It would seem that director Matthew Vaughn ascribes to the idea that more is never enough.
The director of films like “X-Men: First Class,” “Layer Cake” and “Stardust” must have a serious hankering to make a James Bond film because his last three films have all been 007 pastiche, including “Argylle,” which opens today.
The movie adds a meta component that reminds one of the 2022 Sandra Bullock-Channing Tatum adventure-spoof “The Lost City,” on top of the more conventional plot points that harken back to films like 1963’s Audrey Hepburn and Cary Grant classic “Charade,” 1984’s “Romancing the Stone” with Kathleen Turner and Michale Douglas and 2010’s “Knight and Day” with Cameron Diaz and Tom Cruise.
If imitation truly is the highest form of flattery, Vaughn is certainly casting a very wide net with his adulation.
Those gripes aside, the movie is entertaining if you enjoy fast-paced, silly spy-craft that makes the old Roger Moore Bond pictures of the 1970s seem realistic. The film’s tone isn’t “Get Smart,” but it is closer to that than the most recent Bond movies, starring Daniel Craig.
While the dashing Henry Cavill (Man of Steel) is the titular character, his role is actually a supporting one as the lead character in a series of best-selling spy novels written by author Elly Conway (Bryce Dallas Howard).
Cavill’s adventures as Agent Aubrey Argylle are played out on screen, but they are depictions of Elly’s imagination as she plots her next novel.
Oddly enough, Elly’s fiction is so spot on at predicting the nefarious schemes of various criminals that she not only is being watched by secret agents but also being targeted by criminal organizations.
A secret agent named Aiden (Sam Rockwell) steps in to stop an assassination attempt on Elly, and then wants to pick her brain as to where a rogue spy organization, head by Bryan Cranston’s Ritter, might be hiding an incriminating file that could bring it to its knees.
Elly realizes that while the American Aiden might not be as suave as her fictional British secret agent, he’s nearly as cool and competent.
By helping him, she might collect insight that will help her finish her novel with a bang.
Howard and Rockwell have excellent chemistry and that is what will likely make the film work for you, if it does.
The movie gets a bit long in the tooth at 2 hours and 19 minutes with a number of scenes that feel like the end before proceeding forward with even more hijinks.
Perhaps the key issue with the film is that spy craft with Rockwell and Howard is just as outlandish and ludicrous as the depiction of the fictional adventures of the Argylle character.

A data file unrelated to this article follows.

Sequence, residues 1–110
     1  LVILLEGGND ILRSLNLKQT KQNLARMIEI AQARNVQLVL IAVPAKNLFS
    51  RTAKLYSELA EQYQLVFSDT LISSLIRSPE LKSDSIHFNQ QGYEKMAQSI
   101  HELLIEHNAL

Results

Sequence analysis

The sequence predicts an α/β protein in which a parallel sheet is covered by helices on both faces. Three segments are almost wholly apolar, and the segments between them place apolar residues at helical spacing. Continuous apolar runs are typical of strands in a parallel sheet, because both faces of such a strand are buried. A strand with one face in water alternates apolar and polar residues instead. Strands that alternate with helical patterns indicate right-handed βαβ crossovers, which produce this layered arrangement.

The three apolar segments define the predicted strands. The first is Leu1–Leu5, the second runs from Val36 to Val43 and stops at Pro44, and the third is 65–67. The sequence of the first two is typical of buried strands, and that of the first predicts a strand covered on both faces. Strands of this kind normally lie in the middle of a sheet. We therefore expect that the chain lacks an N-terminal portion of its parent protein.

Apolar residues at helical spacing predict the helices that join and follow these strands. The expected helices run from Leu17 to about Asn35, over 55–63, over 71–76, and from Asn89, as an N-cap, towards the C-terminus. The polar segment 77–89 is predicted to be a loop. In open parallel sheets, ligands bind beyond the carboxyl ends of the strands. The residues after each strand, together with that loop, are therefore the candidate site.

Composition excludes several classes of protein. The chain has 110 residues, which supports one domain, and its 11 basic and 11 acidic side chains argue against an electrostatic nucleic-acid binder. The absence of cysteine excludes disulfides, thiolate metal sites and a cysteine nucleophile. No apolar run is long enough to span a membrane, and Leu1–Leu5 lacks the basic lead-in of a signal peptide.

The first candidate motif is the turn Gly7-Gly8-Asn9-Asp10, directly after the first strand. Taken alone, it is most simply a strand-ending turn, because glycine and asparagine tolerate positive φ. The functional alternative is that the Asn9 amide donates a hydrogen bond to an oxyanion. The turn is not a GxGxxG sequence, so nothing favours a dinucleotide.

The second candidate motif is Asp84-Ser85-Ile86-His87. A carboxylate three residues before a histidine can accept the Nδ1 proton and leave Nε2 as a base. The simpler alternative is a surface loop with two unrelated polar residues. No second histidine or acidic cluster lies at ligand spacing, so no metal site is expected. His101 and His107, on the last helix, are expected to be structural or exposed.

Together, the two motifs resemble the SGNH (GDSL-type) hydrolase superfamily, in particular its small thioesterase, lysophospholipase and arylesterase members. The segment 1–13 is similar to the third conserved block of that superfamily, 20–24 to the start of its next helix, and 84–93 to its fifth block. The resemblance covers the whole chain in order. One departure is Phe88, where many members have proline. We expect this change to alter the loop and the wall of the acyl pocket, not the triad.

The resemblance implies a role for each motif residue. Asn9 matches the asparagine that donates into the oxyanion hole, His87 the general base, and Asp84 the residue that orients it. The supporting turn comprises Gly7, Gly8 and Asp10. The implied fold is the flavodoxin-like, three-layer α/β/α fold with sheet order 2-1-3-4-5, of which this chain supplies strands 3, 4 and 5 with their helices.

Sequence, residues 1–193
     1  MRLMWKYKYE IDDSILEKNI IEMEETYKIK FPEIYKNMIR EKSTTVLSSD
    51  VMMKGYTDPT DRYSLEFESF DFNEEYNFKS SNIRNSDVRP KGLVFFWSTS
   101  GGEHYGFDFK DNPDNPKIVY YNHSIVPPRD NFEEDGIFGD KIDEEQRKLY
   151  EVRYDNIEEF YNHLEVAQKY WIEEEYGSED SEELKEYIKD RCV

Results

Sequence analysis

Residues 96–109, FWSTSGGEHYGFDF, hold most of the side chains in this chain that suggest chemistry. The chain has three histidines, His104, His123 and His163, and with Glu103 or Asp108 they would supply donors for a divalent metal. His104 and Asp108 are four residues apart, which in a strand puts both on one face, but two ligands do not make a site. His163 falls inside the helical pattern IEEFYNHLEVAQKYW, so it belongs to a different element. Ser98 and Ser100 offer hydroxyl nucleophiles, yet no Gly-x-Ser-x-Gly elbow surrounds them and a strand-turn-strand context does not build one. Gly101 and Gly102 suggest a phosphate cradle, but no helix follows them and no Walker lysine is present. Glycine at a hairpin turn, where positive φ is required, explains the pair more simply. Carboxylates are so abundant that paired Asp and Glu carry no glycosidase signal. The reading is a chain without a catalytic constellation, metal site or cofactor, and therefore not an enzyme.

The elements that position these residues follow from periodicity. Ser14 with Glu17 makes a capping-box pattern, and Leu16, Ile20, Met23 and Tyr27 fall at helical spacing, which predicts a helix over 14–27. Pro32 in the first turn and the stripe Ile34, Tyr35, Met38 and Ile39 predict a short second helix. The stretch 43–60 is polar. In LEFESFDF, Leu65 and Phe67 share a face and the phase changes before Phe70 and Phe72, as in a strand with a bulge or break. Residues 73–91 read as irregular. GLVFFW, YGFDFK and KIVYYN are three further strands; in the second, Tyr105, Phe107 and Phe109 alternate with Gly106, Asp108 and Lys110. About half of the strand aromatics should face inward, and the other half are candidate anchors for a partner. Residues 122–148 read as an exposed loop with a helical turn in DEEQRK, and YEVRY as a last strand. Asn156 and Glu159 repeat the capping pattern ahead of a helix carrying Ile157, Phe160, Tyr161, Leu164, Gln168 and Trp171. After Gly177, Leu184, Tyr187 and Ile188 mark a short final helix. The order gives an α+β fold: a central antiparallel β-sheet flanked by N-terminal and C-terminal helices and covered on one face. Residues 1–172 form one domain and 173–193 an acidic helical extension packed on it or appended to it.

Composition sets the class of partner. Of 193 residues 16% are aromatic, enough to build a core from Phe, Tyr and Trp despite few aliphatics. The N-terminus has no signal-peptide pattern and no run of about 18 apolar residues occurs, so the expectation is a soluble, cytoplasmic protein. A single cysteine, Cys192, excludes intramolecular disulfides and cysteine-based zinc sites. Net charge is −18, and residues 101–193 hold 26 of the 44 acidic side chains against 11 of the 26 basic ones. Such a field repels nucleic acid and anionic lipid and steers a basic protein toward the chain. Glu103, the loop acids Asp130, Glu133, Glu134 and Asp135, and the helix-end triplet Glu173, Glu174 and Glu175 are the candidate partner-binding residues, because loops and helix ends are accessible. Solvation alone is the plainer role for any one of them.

Had screenwriter Jason Fuchs and Vaughn drawn more of a distinction between the fictional Argylle and Rockwell’s Aiden and their individual adventures, the contrast might have made the film less banal and more rewarding.
The movie’s not bad. Individual scenes are quite funny and exciting. Vaughn knows how to direct action. Howard and Rockwell make an appealing duo with a lot of charisma, but once the film reveals where it is going, there are no real surprises. It’s like watching a collection of skits with essentially the same gag.
The movie also lacks much of the bawdy edge and humor that most of Vaughn’s films are known for.
It’s also another movie that made me wonder if the poor CGI effects are intentional for some ironic reason, or just the best the effects department could do under the constraints of the film?
I enjoyed the movie overall, but such silliness tickles me and allows me to overlook obvious flaws. Others might not offer the movie as much grace.
Classic Corner – My Fair Lady
One of the most poignant and charming musicals of the 1960s celebrates its 60th anniversary as “My Fair Lady” returns to the big screen this week for two special showings.
The 1964 Alan Jay Lerner and Frederick Loewe adaptation of their play “May Fair Lady” plays at the Malco Razorback Cinema and Grill and Pinnacle Hills Cinema for special showings at 1 p.m. Sunday and 7 p.m. Monday.
The musical, based on George Bernard Shaw’s “Pygmalion,” is a classic by any standard with excellent performances by Audrey Hepburn as Cockney flower girl Eliza Doolittle and Rex Harrison as the arrogant professor Henry Higgins.
The stuffed-shirt and self-righteous Higgins wagers with fellow phonetics expert Col. Hugh Pickering (Wilfrid Hyde-White) that he’s not only skilled enough to correct the phonetics but also cultured enough to teach proper manners to any girl and pass her off as a product of high society.
Doolittle overhears the assertion and appears on Higgins’ doorstep the next morning to take him up on the proposition, which Pickering quickly agrees to fund.
Set in Edwardian London, the musical directed by George Cukor is not only enchanting but also a stab at the pomposity and values of social classes where social graces are valued more than the matters of the heart.
It’s also an old-time love story where the two main characters think they despise one another before realizing what the audience already knew — that they can’t live without each other.
The film is one of Hepburn and Harrison’s key performances. As always Hepburn is adorable, even though her lyrics were dubbed in post production by soprano ghost singer Marni Nixon. Nixon filled the same role in other musicals of the day, including “The King and I,” and “Westside Story.”
Harrison’s arrogance and later his heart show why his performance is considered one of the best musical performances of the era.
The film was nominated for 12 Academy Awards and won eight, including Best Picture, Best Director for Cukor, and Best Actor for Harrison.
While musicals aren’t the staple in cinemas they once were, “My Fair Lady” holds up because of the strength of the performances, the elegance of the music and song, and most importantly the truth at the core of the film’s story.